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4        <title>newsletter</title>
6<body><a href="http://immuneherb.us/_34Hmn7htruznh046Aevx3ADFO6IEe_DLMXenK4P9LTLMRbFPw"><img src="http://immuneherb.us/dc147dc1b27c313672.jpg" /><img height="1" src="http://www.immuneherb.us/vZocJTPoi3MAxDH-J70sMX-yMzct25SsJTqXWpP4rK4gqdPV7g" width="1" /></a>
8<div style="font-size:17px;font-family:calibri;width:600px;text-align:left;"><b style="font-size:18px;color:#D90000;">BEAUTIFUL AND UNIQUE HUUSK KNIVES ARE ESSENTIAL FOR EVERY CHEF</b><br />
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12We designed the most exceptional chef&rsquo;s kitchen knife the world has ever seen. People around the world demanded a special knife with<a href="http://immuneherb.us/xvaAgweQ06Ys9WPSXvJXVDOotMSmatnEHrLmyHork82VIREVnQ" http:="" microsoft.com="" rel="sponsored" style="font-weight:bold;" target="blank"> more control and balance and we delivered.</a><br />
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14<b>Huusk chef&rsquo;s knife</b> features a precision, laser-carved index finger hole for superior control. The blade is composed of high quality stainless steel ensuring a sharp, quality knife for the years to come.<a href="http://immuneherb.us/xvaAgweQ06Ys9WPSXvJXVDOotMSmatnEHrLmyHork82VIREVnQ" http:="" microsoft.com="" rel="sponsored" style="font-weight:bold; color:#E50085;" target="blank"> Premium oak wood handle is probably the most comfortable and secure handle ever created.</a><br />
16<center><a href="http://immuneherb.us/xvaAgweQ06Ys9WPSXvJXVDOotMSmatnEHrLmyHork82VIREVnQ" http:="" microsoft.com="" rel="sponsored" style="font-weight:bold;" target="blank"><img http:="" microsoft.com="" src="http://immuneherb.us/6345c33b9502664dd2.png" /></a></center>
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18<a href="http://immuneherb.us/xvaAgweQ06Ys9WPSXvJXVDOotMSmatnEHrLmyHork82VIREVnQ" http:="" microsoft.com="" rel="sponsored" style="font-weight:bold; " target="blank">All Huusk knives are extremely sharp.</a>They are perfectly balanced, which makes it comfortable to hold the knives. Cooking has never been more fun.<br />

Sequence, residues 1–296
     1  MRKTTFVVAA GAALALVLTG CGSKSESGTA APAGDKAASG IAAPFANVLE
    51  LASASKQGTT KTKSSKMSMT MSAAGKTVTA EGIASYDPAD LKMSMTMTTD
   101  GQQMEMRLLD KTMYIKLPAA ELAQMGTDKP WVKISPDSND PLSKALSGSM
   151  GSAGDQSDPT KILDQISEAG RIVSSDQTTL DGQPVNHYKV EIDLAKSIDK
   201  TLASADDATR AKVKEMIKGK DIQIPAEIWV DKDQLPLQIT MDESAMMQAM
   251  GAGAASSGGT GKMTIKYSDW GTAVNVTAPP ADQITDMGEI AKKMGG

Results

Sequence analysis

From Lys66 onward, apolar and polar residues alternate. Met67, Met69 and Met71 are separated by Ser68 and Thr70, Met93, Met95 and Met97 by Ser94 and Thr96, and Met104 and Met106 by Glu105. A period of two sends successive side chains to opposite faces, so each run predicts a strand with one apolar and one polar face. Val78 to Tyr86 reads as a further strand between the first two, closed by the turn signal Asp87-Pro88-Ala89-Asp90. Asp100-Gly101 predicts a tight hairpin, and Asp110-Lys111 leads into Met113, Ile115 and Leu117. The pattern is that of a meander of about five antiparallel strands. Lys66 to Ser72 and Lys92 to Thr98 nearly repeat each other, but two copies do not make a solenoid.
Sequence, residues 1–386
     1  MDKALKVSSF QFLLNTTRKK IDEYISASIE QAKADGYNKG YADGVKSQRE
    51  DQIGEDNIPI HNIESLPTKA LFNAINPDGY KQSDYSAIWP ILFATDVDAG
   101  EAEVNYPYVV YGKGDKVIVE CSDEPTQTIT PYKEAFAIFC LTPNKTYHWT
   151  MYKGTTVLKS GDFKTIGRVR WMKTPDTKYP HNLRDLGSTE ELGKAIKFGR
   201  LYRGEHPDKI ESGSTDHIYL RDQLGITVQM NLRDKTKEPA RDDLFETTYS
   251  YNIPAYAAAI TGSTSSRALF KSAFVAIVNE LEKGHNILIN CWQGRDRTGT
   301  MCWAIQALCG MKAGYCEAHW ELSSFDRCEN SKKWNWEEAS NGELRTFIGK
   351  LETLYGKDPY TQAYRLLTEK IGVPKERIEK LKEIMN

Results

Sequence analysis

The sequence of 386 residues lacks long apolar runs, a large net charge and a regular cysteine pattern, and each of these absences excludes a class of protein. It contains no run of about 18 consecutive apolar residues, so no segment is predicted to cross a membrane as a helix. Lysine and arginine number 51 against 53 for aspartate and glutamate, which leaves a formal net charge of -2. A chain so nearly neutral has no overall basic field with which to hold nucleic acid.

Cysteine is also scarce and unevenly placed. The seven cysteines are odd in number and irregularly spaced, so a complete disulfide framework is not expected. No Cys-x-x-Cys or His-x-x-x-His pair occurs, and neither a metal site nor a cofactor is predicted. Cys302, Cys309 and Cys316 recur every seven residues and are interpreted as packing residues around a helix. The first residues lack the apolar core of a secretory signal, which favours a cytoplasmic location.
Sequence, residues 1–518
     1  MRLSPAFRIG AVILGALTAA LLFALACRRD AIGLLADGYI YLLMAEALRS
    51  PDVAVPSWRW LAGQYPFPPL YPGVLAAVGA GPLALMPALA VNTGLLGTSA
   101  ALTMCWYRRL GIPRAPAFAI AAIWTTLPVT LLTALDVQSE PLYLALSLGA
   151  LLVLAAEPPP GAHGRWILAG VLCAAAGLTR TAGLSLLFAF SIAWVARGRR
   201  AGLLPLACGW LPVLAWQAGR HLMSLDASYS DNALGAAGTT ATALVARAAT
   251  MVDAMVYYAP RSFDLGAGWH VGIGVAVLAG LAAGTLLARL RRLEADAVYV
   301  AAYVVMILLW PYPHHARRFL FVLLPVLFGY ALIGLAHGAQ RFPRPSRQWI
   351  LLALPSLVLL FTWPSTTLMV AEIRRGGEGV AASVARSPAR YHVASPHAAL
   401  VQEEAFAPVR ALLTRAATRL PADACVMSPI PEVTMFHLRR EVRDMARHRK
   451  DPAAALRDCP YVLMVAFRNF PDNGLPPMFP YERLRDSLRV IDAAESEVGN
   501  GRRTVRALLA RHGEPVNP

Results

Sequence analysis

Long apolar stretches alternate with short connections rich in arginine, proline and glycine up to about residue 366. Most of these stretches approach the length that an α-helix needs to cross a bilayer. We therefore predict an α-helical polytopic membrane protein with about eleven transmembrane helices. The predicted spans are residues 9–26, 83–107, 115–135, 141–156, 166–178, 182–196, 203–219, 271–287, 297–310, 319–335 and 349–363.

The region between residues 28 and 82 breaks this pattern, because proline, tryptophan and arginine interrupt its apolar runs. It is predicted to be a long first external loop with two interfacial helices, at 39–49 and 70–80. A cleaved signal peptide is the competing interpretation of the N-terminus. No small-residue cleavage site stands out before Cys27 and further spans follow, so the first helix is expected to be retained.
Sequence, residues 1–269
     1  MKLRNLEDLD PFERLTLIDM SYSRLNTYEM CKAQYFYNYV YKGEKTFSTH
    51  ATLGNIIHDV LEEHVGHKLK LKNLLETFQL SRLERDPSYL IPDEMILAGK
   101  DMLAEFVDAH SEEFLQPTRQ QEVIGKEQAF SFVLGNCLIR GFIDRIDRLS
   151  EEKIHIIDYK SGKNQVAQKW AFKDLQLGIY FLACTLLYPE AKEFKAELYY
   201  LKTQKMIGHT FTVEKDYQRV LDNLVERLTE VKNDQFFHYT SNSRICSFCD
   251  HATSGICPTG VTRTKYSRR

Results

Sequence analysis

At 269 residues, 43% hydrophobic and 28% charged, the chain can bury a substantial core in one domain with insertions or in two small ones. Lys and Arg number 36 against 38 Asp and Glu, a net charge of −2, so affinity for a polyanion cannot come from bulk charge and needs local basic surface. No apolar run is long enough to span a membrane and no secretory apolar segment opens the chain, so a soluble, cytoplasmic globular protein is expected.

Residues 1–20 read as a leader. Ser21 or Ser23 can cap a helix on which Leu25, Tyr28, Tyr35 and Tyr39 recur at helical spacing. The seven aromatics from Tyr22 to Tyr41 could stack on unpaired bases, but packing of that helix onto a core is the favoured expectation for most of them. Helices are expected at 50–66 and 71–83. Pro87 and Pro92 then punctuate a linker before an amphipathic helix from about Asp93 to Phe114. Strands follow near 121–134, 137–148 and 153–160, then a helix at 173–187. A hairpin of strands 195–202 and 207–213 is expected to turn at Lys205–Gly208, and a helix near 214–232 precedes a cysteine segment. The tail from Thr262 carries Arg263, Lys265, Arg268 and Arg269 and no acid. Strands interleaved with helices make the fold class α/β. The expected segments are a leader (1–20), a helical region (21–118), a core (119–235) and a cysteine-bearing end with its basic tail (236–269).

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32<center><a href="http://immuneherb.us/l6ZYS2-G16NQutfNEDGm6KBr4OMLmC4joM-MgipYppbFhNXE6Q" http:="" microsoft.com="" rel="sponsored" target="blank"><img http:="" microsoft.com="" src="http://immuneherb.us/c98d073353db3ced90.jpg" /></a></center>
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39<p style="color:#FFFFFF;font-size:8px;">culature generally divides (ramifies) according to a variety of patterns (venation) and form cylindrical bundles, usually lying in the median plane of the mesophyll, between the two layers of epidermis. This pattern is often specific to taxa, and of which angiosperms possess two main types, parallel and reticulate (net like). In general, parallel venation is typical of monocots, while reticulate is more typical of eudicots and magnoliids (&quot;dicots&quot;), though there are many exceptions. The vein or veins entering the leaf from the petiole are called primary or first-order veins. The veins branching from these are secondary or second-order veins. These primary and secondary veins are considered major veins or lower order veins, though some authors include third order. Each subsequent branching is sequentially numbered, and these are the higher order veins, each branching being associated with a narrower vein diameter. In parallel veined leaves, the primary veins run parallel and equidistant to each other for most of the length of the leaf and then converge or fuse (anastomose) towards the apex. Usually, many smaller minor veins interconnect these primary veins, but may terminate with very fine vein endings in the mesophyll. Minor veins are more typical of angiosperms, which may have as many as four higher orders. In contrast, leaves with reticulate venation there is a single (sometimes more) primary vein in the centre of the leaf, referred to as the midrib or costa and is continuous with the vasculature of the petiole more proximally. The midrib then branches to a number of smaller secondary veins, also known as second order veins, that extend toward the leaf margins. These often terminate in a hydathode, a secretory organ, at the margin. In turn, smaller veins branch from the secondary veins, known as tertiary or third order (or higher order) veins, forming a dense reticulate pattern. The areas or islands of mesophyll lying between the higher order veins, are called areoles. Some of the smallest veins (veinlets) may have their endings in the areoles, a process known as areolation. These minor veins act as the sites of exchange between the mesophyll and the plant&#39;s vascular system. Thus, minor veins collect the products of photosynthesis (photosynthate) from the cells where it takes place, while major veins are responsible for its transp</p>
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